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Parental separation

How children and young people may react

 

Children and young people experience a wide range of reactions to parental separation. Many get through the whole process relatively easily, whereas others find it very difficult. 

 

Some children and young people will react more during the initial phase of the separation, and be back to their usual self soon afterwards. However, others continue to behave as normal while the separation is happening, and their reactions only become apparent over time. 

 

Reactions will vary depending on the child or young person’s age and stage of development. Because each separation is unique, and so are the children and young people, their behavioural and emotional changes are also very varied. Some might show anger and frustration, while others may become withdrawn and tearful.

 

Parental separation is a difficult thing for children and young people to process and understand, and can result in emotions such as grief, confusion, guilt, anger and relief.  These feelings might be contradictory, for example, they might feel relieved that the fighting between their parents will end, but also guilty about their parents separating.


Things to think about

 

  • The reactions of children and young people may cause a great deal of concern, and some families feel they should get extra help immediately. However, with the right support from the people around them, most children and young people will be able to cope and adapt to the changes.

 

  • The specifics of the situation and the way the parents are handling things will affect how the parental separation impacts a child or young person.

 

  • It’s not uncommon for children and young people to blame themselves, or feel that they were part of the cause of the separation.

 

  • On top of the emotional impact, separations often come with other significant changes for the child or young person. Not only do they have to adjust to having only one parent around, they may also have to cope with moving house or changing schools. These additional changes can make adapting with the separation even more challenging.

 

  • It is important to remember that some aspects of a separation may be positive for the child or young person. For example, it might mean that their parents will stop arguing, or it might mean that they get to spend more quality time with their parents individually.


Think about your response

 

Your views about parental separation may affect how you respond to the child or young person.  Your experience of this situation, or how others have coped with similar situations, may also impact your response. To best support the child or young person, it is important to respond to them and their unique circumstances. If you are also affected by the situation, make sure you talk to someone if you need support.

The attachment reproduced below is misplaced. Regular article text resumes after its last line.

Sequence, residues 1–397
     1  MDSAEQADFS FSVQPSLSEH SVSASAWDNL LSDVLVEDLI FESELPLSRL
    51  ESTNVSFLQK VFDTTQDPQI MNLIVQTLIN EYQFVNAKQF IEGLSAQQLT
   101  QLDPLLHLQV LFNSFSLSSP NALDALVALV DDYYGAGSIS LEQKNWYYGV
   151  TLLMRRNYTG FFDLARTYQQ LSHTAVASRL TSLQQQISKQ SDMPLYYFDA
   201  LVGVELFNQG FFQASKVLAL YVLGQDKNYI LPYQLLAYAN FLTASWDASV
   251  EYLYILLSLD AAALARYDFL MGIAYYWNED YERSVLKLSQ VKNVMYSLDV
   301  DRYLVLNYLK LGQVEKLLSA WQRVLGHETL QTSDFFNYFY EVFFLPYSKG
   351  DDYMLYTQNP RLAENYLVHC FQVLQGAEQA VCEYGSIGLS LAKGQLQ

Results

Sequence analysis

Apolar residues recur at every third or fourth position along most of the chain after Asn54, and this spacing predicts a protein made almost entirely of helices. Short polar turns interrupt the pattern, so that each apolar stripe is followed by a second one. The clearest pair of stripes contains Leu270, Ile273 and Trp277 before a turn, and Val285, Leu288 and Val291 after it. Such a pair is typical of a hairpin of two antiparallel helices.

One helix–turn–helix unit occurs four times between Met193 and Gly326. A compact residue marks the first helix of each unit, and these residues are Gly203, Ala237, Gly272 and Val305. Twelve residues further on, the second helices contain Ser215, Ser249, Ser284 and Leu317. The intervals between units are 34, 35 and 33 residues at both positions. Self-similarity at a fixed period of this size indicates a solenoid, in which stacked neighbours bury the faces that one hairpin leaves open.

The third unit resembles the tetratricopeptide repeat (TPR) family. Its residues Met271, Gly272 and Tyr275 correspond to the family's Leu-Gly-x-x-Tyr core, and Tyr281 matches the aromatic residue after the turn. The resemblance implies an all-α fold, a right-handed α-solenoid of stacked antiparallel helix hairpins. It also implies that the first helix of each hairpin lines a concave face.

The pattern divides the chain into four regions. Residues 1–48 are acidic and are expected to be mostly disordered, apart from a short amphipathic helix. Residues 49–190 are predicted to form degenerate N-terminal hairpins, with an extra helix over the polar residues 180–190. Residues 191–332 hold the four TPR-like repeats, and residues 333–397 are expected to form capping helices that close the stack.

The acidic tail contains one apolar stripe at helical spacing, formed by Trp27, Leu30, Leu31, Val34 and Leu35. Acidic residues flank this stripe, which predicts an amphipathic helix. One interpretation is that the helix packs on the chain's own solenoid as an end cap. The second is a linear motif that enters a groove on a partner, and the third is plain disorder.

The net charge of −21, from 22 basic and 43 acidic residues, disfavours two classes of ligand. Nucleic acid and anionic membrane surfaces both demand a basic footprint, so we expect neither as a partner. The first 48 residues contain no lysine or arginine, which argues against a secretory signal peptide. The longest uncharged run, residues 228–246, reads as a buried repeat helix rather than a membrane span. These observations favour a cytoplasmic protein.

What you can do

 

  • Be patient. The child or young person will need time to adapt to what has happened. 

 

  • Be honest with them, but remember not to place blame or take sides with either parent in any way.

 

  • Encourage the child or young person to express their feelings. Remember that other ways of expression (e.g. drawing) can also work as well as talking, especially with younger children.

 

  • Reassure them that whatever they are feeling is ok.

 

  • They may be concerned about what life will be like now, and what will happen to them. Try to make them feel secure and reassure them that they will still be loved and looked after. 

 

  • Stick to regular routines, or create new ones as soon as possible, to help make the child or young person’s life predictable and stable.

 

  • Children and young people may be comforted and soothed by:
    • having a cuddle
    • pets or soft toys 
    • being read stories
    • relaxation or calming music

 

  • They often blame themselves for their parents separating, so it’s important to let them know it is not their fault.

 

  • Depending on the situation, it may help the child or young person to think about the positive things as a result of the separation, e.g. less arguing, happier parents. 

 

Where to go for more support

 

Remember that with the right support from the people around them, most children and young people will be able to cope with parental separation. However you might also want to consider extra help or support: 

 

Divorce and separation leaflet from Understanding Childhood:  www.understandingchildhood.net/posts/divorce-and-separation-helping-children-and-parents-cope

 

Family break-ups booklet for children, from NHS Health Scotland:  www.healthscotland.com/documents/30094.aspx

 

Fife Gingerbread, support to lone parents in Fife:  www.fifegingerbread.org.uk

 

One Parent Families Scotland:  www.opfs.org.uk

 

Relationships Scotland:  www.relationships-scotland.org.uk


Who to contact if you're still concerned

 

For parents and carers

 

Please contact your health visitor, school, GP or other professional involved with your family.

 

For professionals

 

Please consult with other professionals involved or the named person, and to help identify the most appropriate support, go to: www.nhsfife.org/choosingtherightsupport